I am developing a product based on the NXP LPC11C24 microcontroller. It will communicate with PC software to perform its function. I am attempting to build a secure firmware update functionality. The PC program will download firmware images from us and send them to the device, which will then decrypt, verify, and write the image to its flash memory. I want this mechanism to be secure against the analysis of the PC software and trivial attacks on the encryption. Assuming the attacker has full knowledge of the device and PC protocol, uploading an unauthorized firmware image should be more difficult than e.g. defeating the chip's code protection, clock glitching, side-channel attacks, or similar.
The difficulty is space limitations. I have a hard limit of 4KB of ROM (ARM Cortex-M0 code, for size reference) and a firm limit of 1KB of RAM, of which I can budget perhaps 2.5KB and 600 bytes, respectively, to the decryption and authentication process. In light of this, I chose AES-128 CBC encryption with CRC-32 authentication. My method is to create a random IV, split up the firmware image into 256-byte blocks, and add a CRC-32 checksum after each block, repeated four times to pad to the AES block size, then encrypt the 272-byte block. The checksum is to catch data corruption during the transfer from PC to device (the PC can use SHA-256 to verify integrity from the web) and to authenticate the block. The PC cannot do the authentication, because the PC to device protocol would be trivial to intercept.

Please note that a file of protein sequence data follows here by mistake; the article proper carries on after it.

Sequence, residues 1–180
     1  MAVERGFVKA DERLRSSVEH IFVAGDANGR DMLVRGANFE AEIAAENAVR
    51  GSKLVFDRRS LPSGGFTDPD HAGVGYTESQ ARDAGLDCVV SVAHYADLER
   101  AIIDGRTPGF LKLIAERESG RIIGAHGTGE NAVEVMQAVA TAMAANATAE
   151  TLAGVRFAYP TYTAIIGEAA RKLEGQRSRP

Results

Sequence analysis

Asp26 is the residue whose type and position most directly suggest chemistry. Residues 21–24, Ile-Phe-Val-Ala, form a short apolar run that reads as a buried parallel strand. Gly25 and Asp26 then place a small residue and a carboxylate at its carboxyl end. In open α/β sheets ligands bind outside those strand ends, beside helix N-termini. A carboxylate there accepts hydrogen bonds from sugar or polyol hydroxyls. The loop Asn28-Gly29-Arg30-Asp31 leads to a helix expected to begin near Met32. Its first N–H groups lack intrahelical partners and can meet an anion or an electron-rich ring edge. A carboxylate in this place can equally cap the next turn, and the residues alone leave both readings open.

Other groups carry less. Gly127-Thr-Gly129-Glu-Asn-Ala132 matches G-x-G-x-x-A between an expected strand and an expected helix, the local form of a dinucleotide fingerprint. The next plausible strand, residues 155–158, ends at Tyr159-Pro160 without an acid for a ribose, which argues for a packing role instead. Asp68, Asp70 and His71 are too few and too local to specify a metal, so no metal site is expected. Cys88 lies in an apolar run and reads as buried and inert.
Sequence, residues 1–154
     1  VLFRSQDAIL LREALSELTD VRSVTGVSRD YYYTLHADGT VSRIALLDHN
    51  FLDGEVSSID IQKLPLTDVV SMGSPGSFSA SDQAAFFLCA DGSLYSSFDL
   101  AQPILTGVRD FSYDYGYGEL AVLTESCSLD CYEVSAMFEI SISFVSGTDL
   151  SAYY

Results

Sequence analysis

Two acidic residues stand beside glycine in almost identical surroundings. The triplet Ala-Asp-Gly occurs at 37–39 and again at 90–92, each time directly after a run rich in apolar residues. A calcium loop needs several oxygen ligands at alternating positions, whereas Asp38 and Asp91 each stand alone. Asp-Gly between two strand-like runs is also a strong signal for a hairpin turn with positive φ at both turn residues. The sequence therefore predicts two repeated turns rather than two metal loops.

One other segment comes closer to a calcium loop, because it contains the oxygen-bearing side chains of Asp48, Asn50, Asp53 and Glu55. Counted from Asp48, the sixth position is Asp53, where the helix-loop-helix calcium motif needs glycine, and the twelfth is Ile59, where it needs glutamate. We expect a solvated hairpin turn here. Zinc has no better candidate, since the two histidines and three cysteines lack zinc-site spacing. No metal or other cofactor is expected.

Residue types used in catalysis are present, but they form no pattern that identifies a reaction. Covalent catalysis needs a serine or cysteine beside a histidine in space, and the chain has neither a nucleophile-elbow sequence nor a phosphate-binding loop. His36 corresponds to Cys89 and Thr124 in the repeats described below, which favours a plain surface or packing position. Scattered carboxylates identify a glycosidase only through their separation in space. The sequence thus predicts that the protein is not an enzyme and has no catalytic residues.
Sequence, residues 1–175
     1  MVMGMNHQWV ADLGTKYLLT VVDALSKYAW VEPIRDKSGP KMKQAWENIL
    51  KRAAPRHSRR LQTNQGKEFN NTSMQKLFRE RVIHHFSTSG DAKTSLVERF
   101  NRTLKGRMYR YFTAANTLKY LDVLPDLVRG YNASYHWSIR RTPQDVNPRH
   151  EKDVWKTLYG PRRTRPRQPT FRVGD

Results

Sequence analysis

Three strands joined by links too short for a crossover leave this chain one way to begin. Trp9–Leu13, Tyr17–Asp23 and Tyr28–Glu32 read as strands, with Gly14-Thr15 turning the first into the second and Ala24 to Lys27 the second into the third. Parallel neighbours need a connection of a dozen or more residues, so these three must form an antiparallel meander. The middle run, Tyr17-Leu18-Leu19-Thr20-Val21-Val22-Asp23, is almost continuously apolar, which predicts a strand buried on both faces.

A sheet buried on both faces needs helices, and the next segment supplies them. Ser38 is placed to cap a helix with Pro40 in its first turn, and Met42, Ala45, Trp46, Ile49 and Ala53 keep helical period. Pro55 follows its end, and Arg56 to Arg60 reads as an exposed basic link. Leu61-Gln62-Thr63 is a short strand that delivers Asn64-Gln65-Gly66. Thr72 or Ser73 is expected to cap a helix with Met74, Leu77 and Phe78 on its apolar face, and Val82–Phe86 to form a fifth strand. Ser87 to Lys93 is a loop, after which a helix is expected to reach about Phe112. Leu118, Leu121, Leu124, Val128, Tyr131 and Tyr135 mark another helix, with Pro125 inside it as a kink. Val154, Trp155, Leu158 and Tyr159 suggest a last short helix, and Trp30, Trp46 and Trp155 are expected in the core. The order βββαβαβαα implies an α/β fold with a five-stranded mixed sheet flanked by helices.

The firmware update process would be as follows:
- Enter firmware update mode
- Receive IV, initialize AES
- Receive encrypted 272-byte block
- Decrypt block with AES-128 CBC
- CRC-32 checksum first 256 bytes, verify checksum matches last 16 bytes
- If failure, stop the process. If success, write 256 bytes to flash.
- Repeat from 3 while blocks remain
I have done some research and it seems this CRC then AES method is trivially vulnerable (detailed in this other answer), but the attacks rely on known or chosen plaintext, which will not be the case here. Only us, the manufacturer, will be releasing updates, and they will always be encrypted. Is this then sufficient protection for my scenario, or at least harder to break than decapping the chip or exploiting the chip manufacturer's code protection system? Is there a better way that will fit the extremely tight memory requirements?